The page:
London 2012: Mo Farah's form concerns Steve Cram
Overall, the World Indoor Championships were a success for Great Britain with plenty of good performances and a best-ever haul of nine medals.
Some British athletes produced genuinely outstanding performances, but the more worrying aspect was the failure of our two big Olympic gold medal hopes - Mo Farah and Jess Ennis - to deliver the goods in Istanbul.
There's no need to press the panic button yet. The World Indoors in an Olympic year do not carry the same clout as in other years and most athletes are very much focused on reaching their peak in July and August.
BRITAIN'S RECORD HAUL
Yamile Aldama (triple jump)
Shana Cox, Nicola Sanders, Christine Ohuruogu & Perri Shakes-Drayton (4x400m relay)
Conrad Williams, Nigel Levine, Michael Bingham & Richard Buck (4x400m relay)
Tiffany Porter (60m hurdles)
Jessica Ennis (pentathlon)
Andrew Osagie (800m)
Holly Bleasdale (pole vault)
Dwain Chambers (60m)
Shara Proctor (long jump)
But it is never good to lose to your closest rivals and neither Mo nor Jess will be happy to have missed out on the gold.
Of the two, Mo's performance was the biggest concern with his fourth place in the 3,000m meaning he has now been beaten in four races in a row.
To be honest, I was a bit surprised that he ran at the World Indoors, because I didn't see what he could gain from it unless he was 100% confident that he was going to win. Given his previous couple of races, I thought he might have gone back into training and given it a miss.
Unfortunately, another loss will only serve to give his opponents confidence, and losing to his great rival Bernard Lagat in particular was disappointing.
Every time you win a race you are chipping away at an opponent's confidence and, when the reverse happens, it gives your rivals a lift. Now they will be thinking that Mo isn't invincible at all and, if they can stay close to him, they can put him under pressure and react when he hits the front.
So Mo has plenty to think about but he has enough experience to look at what the issues are. I think he is lacking a little bit of the zip that we saw last summer, but you wouldn't really expect that in March.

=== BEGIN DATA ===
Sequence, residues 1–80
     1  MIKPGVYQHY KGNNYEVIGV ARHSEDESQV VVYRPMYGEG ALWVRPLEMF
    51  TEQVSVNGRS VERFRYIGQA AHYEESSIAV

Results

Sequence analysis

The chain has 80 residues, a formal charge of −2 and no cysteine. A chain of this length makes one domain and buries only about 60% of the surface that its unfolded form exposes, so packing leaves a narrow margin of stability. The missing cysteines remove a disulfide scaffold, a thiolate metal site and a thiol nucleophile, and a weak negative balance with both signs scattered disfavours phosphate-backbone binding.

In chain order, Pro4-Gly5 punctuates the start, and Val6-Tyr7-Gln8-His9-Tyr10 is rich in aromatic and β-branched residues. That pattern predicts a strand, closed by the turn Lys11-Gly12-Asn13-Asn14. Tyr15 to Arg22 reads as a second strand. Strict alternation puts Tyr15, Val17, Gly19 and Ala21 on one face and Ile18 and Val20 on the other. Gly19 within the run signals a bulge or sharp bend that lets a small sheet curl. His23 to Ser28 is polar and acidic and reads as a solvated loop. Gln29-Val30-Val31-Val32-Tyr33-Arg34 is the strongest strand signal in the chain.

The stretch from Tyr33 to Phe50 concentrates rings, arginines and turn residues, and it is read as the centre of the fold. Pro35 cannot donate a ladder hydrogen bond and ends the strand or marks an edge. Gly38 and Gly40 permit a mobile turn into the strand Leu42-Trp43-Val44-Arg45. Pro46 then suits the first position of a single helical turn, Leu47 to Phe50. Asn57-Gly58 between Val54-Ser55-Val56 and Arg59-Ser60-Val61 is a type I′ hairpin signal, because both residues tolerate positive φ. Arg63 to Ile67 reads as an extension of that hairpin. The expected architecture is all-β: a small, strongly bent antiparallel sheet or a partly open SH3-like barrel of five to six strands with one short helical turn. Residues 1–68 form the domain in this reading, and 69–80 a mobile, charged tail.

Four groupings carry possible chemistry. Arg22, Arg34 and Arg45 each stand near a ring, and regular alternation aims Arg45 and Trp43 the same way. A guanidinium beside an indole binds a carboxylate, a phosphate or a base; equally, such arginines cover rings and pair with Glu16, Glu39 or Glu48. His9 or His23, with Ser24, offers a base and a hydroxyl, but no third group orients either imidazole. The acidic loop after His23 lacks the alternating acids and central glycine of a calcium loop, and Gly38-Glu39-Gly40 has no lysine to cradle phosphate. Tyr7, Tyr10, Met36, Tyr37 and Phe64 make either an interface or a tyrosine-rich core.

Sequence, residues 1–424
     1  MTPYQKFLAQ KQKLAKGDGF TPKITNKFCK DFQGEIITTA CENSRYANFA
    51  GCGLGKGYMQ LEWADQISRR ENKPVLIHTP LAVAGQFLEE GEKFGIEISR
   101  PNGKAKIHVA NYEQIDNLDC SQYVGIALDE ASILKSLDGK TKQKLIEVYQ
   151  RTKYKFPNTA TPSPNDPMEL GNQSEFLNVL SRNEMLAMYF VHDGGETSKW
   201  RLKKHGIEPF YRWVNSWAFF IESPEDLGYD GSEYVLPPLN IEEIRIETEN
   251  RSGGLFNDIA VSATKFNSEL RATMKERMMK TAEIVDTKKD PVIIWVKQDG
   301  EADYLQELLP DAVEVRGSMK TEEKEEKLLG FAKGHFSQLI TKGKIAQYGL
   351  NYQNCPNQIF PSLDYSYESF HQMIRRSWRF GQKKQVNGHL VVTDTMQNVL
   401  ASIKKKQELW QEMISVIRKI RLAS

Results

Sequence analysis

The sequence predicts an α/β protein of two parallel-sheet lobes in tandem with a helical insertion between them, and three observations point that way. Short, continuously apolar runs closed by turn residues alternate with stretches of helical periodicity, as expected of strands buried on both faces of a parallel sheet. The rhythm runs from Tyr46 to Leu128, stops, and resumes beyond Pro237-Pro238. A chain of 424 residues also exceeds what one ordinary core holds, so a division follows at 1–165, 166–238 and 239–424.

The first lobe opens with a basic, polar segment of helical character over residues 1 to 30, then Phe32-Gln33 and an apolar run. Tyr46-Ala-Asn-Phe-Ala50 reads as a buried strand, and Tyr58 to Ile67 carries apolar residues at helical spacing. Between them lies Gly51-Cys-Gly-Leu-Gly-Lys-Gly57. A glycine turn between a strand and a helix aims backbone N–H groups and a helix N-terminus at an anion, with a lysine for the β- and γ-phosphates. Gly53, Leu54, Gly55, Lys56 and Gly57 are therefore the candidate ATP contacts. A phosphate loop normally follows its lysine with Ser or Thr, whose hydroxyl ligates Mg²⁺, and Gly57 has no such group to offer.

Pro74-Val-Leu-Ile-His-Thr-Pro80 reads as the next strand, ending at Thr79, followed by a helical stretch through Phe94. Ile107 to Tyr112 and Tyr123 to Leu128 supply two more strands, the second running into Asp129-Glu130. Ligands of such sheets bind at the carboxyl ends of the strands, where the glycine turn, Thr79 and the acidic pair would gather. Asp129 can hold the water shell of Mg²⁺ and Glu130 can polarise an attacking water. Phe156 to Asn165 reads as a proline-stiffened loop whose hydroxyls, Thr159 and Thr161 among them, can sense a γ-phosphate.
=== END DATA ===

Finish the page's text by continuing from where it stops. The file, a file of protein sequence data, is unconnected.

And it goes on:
I'm sure he can put that right by the time he is running the longer distances this summer.
I think the important thing is that the next time he races, at the beginning of the summer, it's a good positive race. He needs to get his confidence back and send a good message out to everybody else.
CRAM ON 'PLASTIC BRITS'
The 'Plastic Brits' argument is all a bit tiresome, to be honest. In several sports, we have had a lot of people over the years who have come over to compete for Britain because it has allowed them to step up to a different level. Athletes like Tiffany Porter (above) are not pushing British athletes out of the team because they are competing in events where we don't really have other top-class athletes. The rules are there for everybody and, if the rules say this can happen, it's fine with me.
While Mo heads back to the drawing board, I don't think Jess has too much to worry about.
Her performance at the weekend only underlined what she already knows, namely that all seven events are going to have to come together in the summer if she is to win the gold.
She didn't do anything horribly wrong in Turkey, but she was just a little bit off in the high jump and the long jump and that's all it takes for somebody else to nip in and win.
There are so many good people around and they are all capable of improving, so whoever wins in London is going to have to be someone with no weak links.
Elsewhere, I was thrilled to see Andrew Osagie take bronze in the 800m. He has been dogged by injury from the really early days but he's now maturing into a good, strong athlete.
Andrew Pozzi, who finished fourth in the hurdles, has a really good attitude and could well be one to watch in London.
We saw with Andy Turner that you don't have to be ranked in the world's top four or five to win a medal in a really technical event like the 110m hurdles. It's about keeping calm and delivering on the day.
Finally, it was great to see pole vaulter Holly Bleasdale get rid of the question mark over her ability to perform in the biggest events. After bombing out at the World Championships in Daegu, she showed great maturity to pull herself together after a failure and snatch the bronze.